The Buddhist monk Tokuo Hayakawa, who resides in the 600-year-old Hokyoji temple in the hills behind the Fukushima power plant, said that Japan has not learnt its lesson from the nuclear accident.

“It’s clear that it’ll happen again,” he said.

He and his community were forced to flee in the aftermath of the nuclear accident.

Dressed in his black prayer robes, adorned with anti-nuclear badges, monk Hayakawa said the Government had let the people down and he believed the situation at the plant was far from under control.

The evacuation order has been lifted in a nearby town, but young people were not returning.

Mr Hayakawa said he believed as the decommission progresses in the area will disappear.

He said the Government should abandon its nuclear energy policy.

“They must stop using nuclear power because safety can’t be guaranteed,” Mr Hayakawa said.

“I feel sad and angry, even more than I did at the time of the accident.”

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Japan restarts fourth atomic reactor since 2012 moratorium — The Japan Times

” Kansai Electric Power Co.’s Takahama No. 4 reactor in Fukui Prefecture on Friday became the nation’s fourth to be restarted since 2012 and the first to burn MOX, a mixed-oxide fuel that contains plutonium.

In a statement released Friday afternoon, Kepco President Makoto Yagi said safety would remain the top priority and that the utility would continue to promote safety standards beyond what was legally required.

The startup came nearly a week after a radioactive water leak was discovered at the reactor’s auxiliary building on Feb. 20. Kepco halted restart preparations while it repaired the leak, saying it did not pose a danger to the environment.

The utility said earlier this week the leak was caused by a loose pipe valve and could be repaired without affecting the restart schedule, which called for rebooting the unit by the end of this month.

Under Kepco’s schedule for the restart process, the No. 4 reactor is expected to start generating electricity by Monday afternoon and reach full power a few days later. Once the Nuclear Regulation Authority gives final approval, and assuming there are no last-minute technical problems, the plan is to have it back online and selling electricity from late March, just before the end of fiscal 2015.

The restart of Takahama No. 4 comes about a month after the nuclear power plant’s No. 3 reactor was restarted. Along with two reactors at Kyushu Electric’s Sendai plant, which went back online last August, they comprise the four reactors that have been restarted since beefed-up nuclear safety standards took effect in 2012.

In addition to No. 3 and No. 4, which are at least 30 years old, Kepco also wants to restart Takahama Nos. 1 and 2, both of which are over 40. It hopes to run them for up to two decades. Despite concerns about the increased probability of accidents at the aged plants, their restart moved a step closer to reality on Wednesday, when the NRA said additional safety systems Kepco installed to extend the reactors’ life spans met its standards.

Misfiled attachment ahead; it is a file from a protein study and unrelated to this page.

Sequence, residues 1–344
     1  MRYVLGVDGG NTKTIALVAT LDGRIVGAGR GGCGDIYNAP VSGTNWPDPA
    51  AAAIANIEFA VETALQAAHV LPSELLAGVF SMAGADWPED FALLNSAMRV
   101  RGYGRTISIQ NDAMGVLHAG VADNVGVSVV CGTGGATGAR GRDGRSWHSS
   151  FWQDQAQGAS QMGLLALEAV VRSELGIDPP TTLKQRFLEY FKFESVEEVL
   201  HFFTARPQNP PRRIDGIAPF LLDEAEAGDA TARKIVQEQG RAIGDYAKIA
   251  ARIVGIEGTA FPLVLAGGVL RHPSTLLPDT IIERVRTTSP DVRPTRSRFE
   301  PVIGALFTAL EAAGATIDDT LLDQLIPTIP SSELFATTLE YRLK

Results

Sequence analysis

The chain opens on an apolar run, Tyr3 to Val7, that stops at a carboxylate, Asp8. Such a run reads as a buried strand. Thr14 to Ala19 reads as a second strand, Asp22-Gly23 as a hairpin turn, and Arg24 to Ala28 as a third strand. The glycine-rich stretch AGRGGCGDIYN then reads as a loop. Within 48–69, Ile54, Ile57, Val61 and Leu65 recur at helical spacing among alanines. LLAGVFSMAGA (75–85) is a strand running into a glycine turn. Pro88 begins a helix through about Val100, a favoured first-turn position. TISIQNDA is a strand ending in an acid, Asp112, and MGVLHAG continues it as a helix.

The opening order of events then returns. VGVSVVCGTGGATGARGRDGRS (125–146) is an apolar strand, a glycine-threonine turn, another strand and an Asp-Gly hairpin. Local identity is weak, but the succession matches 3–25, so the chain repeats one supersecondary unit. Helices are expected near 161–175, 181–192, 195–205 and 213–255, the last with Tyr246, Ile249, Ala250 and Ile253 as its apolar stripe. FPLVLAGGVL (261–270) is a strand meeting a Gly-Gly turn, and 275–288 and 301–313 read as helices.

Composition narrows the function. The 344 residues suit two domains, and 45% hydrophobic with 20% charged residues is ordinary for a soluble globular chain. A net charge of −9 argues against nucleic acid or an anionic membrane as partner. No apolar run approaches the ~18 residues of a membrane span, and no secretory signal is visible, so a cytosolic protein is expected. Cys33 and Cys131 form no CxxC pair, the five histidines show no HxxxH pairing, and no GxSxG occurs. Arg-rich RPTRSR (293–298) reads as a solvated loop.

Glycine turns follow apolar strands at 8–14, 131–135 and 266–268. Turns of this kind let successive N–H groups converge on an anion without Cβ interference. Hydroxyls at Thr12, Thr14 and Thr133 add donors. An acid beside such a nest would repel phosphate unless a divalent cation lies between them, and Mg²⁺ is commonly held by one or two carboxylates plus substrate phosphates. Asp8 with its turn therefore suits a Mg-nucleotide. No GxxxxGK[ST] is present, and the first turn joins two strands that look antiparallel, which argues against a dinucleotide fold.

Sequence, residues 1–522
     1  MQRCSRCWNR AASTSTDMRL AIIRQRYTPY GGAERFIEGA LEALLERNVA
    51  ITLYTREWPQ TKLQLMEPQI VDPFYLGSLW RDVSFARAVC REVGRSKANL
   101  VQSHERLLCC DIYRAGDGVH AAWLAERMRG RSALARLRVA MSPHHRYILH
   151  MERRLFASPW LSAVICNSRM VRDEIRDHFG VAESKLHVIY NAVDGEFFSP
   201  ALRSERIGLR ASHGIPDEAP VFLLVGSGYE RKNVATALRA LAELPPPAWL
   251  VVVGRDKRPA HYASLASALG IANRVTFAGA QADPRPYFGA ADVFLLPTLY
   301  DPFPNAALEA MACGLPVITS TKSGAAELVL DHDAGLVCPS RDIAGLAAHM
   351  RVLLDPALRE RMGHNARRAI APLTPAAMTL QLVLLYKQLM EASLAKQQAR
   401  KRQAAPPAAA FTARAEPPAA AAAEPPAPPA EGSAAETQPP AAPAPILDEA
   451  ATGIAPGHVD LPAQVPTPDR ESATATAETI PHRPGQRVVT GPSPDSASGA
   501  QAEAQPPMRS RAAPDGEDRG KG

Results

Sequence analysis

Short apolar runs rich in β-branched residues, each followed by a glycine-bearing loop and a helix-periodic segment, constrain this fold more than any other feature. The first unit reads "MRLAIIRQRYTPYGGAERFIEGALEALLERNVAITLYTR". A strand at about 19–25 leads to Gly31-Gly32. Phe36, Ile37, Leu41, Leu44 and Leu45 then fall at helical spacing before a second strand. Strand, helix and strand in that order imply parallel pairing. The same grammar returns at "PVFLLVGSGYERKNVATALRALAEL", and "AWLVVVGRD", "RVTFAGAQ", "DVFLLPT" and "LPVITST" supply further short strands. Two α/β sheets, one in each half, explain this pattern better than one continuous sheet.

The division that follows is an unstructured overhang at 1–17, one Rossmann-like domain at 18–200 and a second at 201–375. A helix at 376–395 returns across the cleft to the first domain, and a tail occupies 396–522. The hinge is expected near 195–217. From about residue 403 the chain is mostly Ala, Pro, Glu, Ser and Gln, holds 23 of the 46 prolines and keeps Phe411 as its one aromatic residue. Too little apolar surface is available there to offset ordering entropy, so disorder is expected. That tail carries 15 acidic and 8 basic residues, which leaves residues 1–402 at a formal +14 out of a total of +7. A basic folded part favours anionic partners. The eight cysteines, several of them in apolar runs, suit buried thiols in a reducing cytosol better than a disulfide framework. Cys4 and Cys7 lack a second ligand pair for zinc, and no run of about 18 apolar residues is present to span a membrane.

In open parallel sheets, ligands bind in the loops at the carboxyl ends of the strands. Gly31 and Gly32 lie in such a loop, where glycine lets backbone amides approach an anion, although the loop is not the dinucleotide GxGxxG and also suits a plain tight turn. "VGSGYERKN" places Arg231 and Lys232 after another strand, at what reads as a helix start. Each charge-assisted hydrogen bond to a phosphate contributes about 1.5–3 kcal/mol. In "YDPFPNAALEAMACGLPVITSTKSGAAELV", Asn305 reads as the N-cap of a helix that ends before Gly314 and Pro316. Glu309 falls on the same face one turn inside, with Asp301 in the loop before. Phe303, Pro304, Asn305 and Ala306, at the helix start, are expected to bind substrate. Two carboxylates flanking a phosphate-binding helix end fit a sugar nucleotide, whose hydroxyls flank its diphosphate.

The next step will be soliciting public comment, and then further permission from the NRA is required for what would be the first-ever extensions in Japan of reactors over 40 years old.

Before that happens, Kepco will seek final permission from the mayor of Takahama and the governor of Fukui Prefecture for the restart, which could be a lengthy process. The utility may also find itself forced to deal with public and political concerns in surrounding Kansai prefectures like Shiga and Kyoto, where safety concerns about the aged reactors are strong. ”

by Eric Johnston

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Tepco finishes installing Fukushima ice shield equipment — The Japan Times; Frozen wall controversy hits stalemate — SimplyInfo

Tokyo Electric Power Co. said Tuesday it has finished installing equipment to freeze the ground around four reactors at its Fukushima No. 1 nuclear power plant, a project that aims to reduce the flow of groundwater into the site.

Frozen soil would act as a barrier to prevent fresh groundwater from running beneath the buildings and picking up radioactive particles.

A total of 1,568 pipes have been dug into the ground. They will carry a refrigerant liquid chilled to minus 30 degrees Celsius. The government and Tepco hope to switch on the barriers by the end of March.

Currently, 450 tons of water are becoming tainted every day — a volume that must be pumped out, stored and filtered.